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Image: Plasma ball; Copyright: Panthermedia.net/sakkmesterke

Plasma – A technology to improve bone healing?

19/08/2016

Cold plasma looks like the glow from the "Star Wars" blue light saber but this beam of energy, made of electrons that change polarity at micro-second or nanosecond speeds, could help bones heal faster.
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Image: Legions of nanorobotic agents target cancerous cells of tumours; Copyright: Montréal Nanorobotics Laboratory

Legions of nanorobots target cancerous tumors with precision

17/08/2016

Researchers have developed new nanorobotic agents capable of navigating through the bloodstream to administer a drug with precision by specifically targeting the active cancerous cells of tumours. This way of injecting medication ensures the optimal targeting of a tumour and avoids jeopardizing the integrity of organs and surrounding healthy tissues.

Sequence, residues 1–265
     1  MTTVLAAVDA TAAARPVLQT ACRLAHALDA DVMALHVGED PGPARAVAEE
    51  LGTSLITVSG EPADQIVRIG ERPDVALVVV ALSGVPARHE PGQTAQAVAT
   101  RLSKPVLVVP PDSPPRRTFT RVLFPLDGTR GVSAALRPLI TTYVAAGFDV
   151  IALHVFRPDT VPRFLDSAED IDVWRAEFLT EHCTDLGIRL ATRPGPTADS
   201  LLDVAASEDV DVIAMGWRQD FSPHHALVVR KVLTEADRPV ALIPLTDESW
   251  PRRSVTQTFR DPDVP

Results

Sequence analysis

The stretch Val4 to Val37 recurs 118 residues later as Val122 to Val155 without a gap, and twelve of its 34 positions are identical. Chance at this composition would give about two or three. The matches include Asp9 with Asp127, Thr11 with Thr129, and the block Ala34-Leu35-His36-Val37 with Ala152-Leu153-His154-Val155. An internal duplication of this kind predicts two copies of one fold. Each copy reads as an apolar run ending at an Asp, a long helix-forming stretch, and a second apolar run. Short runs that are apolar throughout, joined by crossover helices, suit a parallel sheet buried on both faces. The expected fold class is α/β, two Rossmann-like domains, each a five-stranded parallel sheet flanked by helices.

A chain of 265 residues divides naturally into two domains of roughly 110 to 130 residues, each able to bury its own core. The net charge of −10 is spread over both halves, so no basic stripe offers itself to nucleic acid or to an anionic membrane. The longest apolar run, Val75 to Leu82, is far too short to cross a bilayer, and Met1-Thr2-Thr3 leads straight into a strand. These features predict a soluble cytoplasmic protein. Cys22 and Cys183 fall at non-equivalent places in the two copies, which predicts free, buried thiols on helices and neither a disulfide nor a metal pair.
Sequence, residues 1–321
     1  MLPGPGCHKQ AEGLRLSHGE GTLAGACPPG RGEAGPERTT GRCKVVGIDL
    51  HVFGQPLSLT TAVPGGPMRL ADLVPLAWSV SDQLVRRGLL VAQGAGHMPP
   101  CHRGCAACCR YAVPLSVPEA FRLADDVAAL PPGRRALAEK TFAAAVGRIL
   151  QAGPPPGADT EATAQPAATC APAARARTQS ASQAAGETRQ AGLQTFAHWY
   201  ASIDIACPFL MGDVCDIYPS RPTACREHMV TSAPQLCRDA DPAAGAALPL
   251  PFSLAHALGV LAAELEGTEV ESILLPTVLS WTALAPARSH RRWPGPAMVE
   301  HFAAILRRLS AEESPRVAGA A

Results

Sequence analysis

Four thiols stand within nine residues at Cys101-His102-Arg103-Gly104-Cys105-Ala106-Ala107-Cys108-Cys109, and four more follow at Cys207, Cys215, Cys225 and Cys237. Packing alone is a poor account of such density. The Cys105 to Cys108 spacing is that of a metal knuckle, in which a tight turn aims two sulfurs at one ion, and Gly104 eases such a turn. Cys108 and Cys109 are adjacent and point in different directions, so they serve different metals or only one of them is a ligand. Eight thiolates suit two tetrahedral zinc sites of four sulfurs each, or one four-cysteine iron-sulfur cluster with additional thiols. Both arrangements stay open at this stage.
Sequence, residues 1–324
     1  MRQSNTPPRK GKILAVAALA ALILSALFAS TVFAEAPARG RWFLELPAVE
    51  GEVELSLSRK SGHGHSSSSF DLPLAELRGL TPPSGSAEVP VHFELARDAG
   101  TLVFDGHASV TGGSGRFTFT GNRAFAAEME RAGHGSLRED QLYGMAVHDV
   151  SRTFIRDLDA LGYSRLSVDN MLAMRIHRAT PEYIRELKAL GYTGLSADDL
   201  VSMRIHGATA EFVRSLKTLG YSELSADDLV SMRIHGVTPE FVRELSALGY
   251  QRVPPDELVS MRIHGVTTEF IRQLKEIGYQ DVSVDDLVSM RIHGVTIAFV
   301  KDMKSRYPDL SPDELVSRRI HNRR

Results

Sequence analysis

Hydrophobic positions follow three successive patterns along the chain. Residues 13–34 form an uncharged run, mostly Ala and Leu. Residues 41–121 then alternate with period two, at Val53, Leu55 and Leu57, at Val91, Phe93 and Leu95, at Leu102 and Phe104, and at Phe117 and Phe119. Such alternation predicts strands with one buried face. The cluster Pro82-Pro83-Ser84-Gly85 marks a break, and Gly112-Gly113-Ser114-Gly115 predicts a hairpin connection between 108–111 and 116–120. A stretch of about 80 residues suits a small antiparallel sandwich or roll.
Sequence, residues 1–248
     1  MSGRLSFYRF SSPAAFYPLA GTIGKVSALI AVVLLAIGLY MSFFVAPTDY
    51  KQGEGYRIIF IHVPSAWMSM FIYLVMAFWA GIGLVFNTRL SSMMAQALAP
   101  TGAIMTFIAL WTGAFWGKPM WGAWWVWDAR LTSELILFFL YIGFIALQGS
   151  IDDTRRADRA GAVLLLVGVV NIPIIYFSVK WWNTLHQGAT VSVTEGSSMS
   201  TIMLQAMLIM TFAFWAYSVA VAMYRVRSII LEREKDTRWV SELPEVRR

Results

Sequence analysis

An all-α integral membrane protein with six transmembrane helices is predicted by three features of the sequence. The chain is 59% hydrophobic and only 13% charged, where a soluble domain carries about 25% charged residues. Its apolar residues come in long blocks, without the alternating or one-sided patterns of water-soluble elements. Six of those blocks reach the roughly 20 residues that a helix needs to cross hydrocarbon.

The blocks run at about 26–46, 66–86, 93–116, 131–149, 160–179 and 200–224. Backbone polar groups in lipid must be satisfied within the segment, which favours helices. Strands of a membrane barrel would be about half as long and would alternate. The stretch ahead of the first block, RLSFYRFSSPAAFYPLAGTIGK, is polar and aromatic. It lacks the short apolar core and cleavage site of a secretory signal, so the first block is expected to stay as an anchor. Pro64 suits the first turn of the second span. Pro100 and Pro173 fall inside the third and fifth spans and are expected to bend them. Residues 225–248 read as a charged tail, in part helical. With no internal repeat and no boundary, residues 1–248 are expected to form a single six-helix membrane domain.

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Image: design of nanocarriers; Copyright: University of Pennsylvania

Penn researchers improve computer modeling for designing drug-delivery nanocarriers

05/08/2016

Researchers have developed a computer model that will aid in the design of nanocarriers, microscopic structures used to guide drugs to their targets in the body. The model better accounts for how the surfaces of different types of cells undulate due to thermal fluctuations, informing features of the nanocarriers that will help them stick to cells long enough to deliver their payloads.
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Image: Graphic of footwear; Copyright:  Jose-Luis Olivares/MIT

Avoiding stumbles, from spacewalks to sidewalks

29/07/2016

Vibrating footwear could help astronauts and visually impaired earthlings skirt obstacles.
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Image: A graphic that shows the new invention; Copyright: Nano Lab, Tufts University

A thread that collects diagnostic data when sutured into tissue

22/07/2016